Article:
Breadwinner: Make Your Own Sourdough Starter

Want to make your own tangy whole-grain bread? Capturing wild yeast is the first step to baking greatness.

(Photo: Willy Blackmore)

Jul 14, 2014· 3 MIN READ
Willy Blackmore is TakePart’s Food editor.
Breadwinner is TakePart food editor Willy Blackmores occasional column on being a sometimes decent and always inquisitive bread baker. You too can free yourself from the bad, mass-produced bread that preys on the hunger of the people.

The first thing you need to buy to make bread is a head of cabbage. Not one of those limp things from the supermarket, its tightly layered leaves reflecting the overhead lights with a glossy sheen. No, you want one that looks dusted with a fine white powder, a finger drawn across the surface leaving behind a distinct mark. An organic, local, too-expensive farmers market cabbage. Preferably a red one. Why? That’s yeast clinging to the leaves, the wild cousins of the granules you’ll find in a Fleischmann’s packet, and if you harvest it, encouraging it to take up residence in a solution of flour and water instead of a head of cabbage, you can make bread from it. Sourdough bread.

Raisins, grapes, cumin seeds, fruit juice, a piece of someone else’s sourdough, even air—there’s lots of yeast floating around in the air, and not just in San Francisco or some rarefied valley in Tuscany—can be used to turn a slurry made from equal parts flour and water into a bubbling vat of bread-leavening awesomeness. But using cabbage is easy—this process is Michael Ruhlman approved—and after you pull off a few leaves, you can make coleslaw with the rest of the head (because summer).

Tuck the leaves into a mixture of flour and water—say 2 cups of each—then cover the container with a towel and put it in a relatively cool place. The next day, stir in another half cup each of water and flour. On the third day, do the same. By the third or fourth day, there should be small bubbles dotting the surface of the mixture—the sign that the jump from too-thick glue to living starter has been made.

Pull out the cabbage, feed your infant starter again with equal parts flour and water, and introduce yourself to the gluten-y offspring you’ve created. If you’re a nurturing caregiver and even occasional bread baker, you can make a lifetime worth of loaves rise with the sugar-eating, carbon dioxide–producing, bread-lifting power of that captured wild yeast.

In his first memoir, Kitchen Confidential, Anthony Bourdain writes about the sourdough starter that leavened the bread at the restaurant he worked at as if it were a floury cousin of the Stay Puft Marshmallow Man. The starter is described as “a massive, foaming, barely contained heap of fermenting grapes, flour, water, sugar and yeast, which even now was pushing up the weighted-down lid of a thirty-five-gallon Lexan container and spilling over on the work table where it was stored.” Adam, the baker and a fellow junkie, calls Bourdain, pleading with him to feed “the bitch,” as the “ungainly blob” is somewhat unaffectionately referred to. It’s a task no one wants to do, one that no one would do—if it weren’t for the wonderful bread the beast helped to make.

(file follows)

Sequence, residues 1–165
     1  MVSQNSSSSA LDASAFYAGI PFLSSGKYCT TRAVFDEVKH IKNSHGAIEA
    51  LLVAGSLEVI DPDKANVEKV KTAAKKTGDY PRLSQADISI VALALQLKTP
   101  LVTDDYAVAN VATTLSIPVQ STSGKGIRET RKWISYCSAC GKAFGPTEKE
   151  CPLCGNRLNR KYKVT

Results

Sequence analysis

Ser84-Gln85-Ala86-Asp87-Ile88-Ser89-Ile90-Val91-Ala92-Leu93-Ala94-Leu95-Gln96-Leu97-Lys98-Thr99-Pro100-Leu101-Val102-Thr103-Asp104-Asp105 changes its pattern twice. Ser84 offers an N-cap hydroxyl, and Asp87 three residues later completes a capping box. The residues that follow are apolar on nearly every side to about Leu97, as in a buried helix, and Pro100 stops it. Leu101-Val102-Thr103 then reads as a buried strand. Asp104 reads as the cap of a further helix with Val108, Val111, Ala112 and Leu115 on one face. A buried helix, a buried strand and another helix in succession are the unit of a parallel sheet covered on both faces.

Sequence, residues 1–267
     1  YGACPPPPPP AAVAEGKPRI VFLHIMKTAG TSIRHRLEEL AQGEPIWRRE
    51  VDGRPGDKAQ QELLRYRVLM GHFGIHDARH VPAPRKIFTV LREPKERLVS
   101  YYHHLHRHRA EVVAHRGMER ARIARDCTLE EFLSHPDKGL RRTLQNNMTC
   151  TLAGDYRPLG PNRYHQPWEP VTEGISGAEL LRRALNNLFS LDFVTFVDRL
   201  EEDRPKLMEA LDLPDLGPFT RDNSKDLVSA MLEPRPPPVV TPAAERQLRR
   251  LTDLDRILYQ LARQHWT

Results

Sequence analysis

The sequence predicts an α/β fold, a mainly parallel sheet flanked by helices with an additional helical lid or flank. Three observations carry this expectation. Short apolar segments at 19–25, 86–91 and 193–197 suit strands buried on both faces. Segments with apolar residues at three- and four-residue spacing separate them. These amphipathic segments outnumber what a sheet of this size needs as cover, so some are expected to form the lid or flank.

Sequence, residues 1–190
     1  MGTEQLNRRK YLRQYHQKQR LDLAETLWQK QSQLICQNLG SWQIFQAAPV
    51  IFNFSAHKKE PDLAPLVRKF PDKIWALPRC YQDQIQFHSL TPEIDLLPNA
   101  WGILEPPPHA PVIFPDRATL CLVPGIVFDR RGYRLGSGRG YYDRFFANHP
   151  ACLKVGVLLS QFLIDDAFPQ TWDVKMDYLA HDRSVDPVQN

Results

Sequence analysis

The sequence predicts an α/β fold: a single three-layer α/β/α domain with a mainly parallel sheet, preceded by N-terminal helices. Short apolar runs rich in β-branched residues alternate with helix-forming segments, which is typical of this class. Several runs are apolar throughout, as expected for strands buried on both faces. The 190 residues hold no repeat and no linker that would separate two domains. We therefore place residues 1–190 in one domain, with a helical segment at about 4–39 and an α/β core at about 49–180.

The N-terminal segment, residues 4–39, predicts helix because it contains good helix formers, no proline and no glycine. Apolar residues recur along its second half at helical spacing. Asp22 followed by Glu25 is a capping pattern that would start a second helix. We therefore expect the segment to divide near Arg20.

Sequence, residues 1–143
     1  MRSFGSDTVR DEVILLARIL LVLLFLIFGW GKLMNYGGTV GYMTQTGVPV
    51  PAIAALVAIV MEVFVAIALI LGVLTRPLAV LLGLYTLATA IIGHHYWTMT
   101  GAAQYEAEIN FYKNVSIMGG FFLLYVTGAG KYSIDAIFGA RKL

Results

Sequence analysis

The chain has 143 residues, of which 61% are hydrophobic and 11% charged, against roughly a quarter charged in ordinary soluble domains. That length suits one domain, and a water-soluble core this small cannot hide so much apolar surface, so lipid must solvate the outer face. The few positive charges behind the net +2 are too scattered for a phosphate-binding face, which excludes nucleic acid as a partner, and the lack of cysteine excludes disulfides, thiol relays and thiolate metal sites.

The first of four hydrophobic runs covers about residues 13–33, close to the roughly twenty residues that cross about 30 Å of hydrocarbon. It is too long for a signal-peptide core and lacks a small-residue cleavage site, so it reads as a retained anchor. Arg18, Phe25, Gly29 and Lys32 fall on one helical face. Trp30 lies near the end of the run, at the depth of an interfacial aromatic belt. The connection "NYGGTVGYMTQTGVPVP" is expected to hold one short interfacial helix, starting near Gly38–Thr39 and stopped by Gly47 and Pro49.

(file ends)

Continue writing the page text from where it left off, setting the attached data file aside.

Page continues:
In my experience, caring for a starter, as I have for close to three years now, with varying levels of attentiveness, is a task that can easily be managed by the hungover—if not the strung out. After a year or so of feeding it daily, I started to space out the additions of flour and water, which supply the yeast with new sugars to burn through, stirring in 2/3 cup of flour and 1/3 of water every few days (a thicker starter is easier to work with)—or, if the starter was spending the summer in the refrigerator (or was left in there after a vacation), where the cold keeps it from getting too crazy-active, once every week or two.

Of course, you don’t need a starter to bake bread. Thanks to Jim Lahey and Mark Bittman, no-knead bread baking is stupid simple—the only deterrent to making a bronzed loaf in your own oven being the somewhat prohibitive price of a cast-iron or enameled Dutch oven the bread needs to be made in. But if you’re in the market for a life-long obsession, a search for perfection both aesthetic and culinary, then sourdough might be your thing. Three generations of men in my family have been casual (and casually obsessive) bakers, plying the trade of our German forebears, who moved to the U.S. to bail on the Kaiser’s War. I’m my parents’ first-born child, but the living thing my dad tended to before I came along was a Tupperware container of sourdough starter.

Eating my dad’s thick-crusted, tangy loaves as a kid turned me into a teenage bread snob, but it wasn’t until I made my own starter that I began to appreciate baking for baking’s sake. With packaged yeast, you can expect the same result nearly every time you make bread (unless, that is, there’s some wild temperature change in your kitchen). But sourdough is more temperamental and shifty, its lift dramatic one week, making a perfectly domed loaf, and pathetic the next. There’s no kitchen shame greater than finding a pancake-like object in your oven when the timer dings. So I’ve learned to tweak my recipe to avoid deflation or less depressing problems, like an overly dense crumb—the water dialed to some arbitrary-seeming number of grams (more on that another time), the texture and elasticity of the rising dough signaling (sometimes more accurately than others) what the finished texture and taste of the bread might be like.

My recipe is based on general proportions adapted from another recipe: the famed no-knead bread. Eric Rusch, who runs (and lives in my hometown), worked out a sourdough version that’s cut with whole wheat flour too. Once your starter begins to bubble, his is the first approach I’d turn to.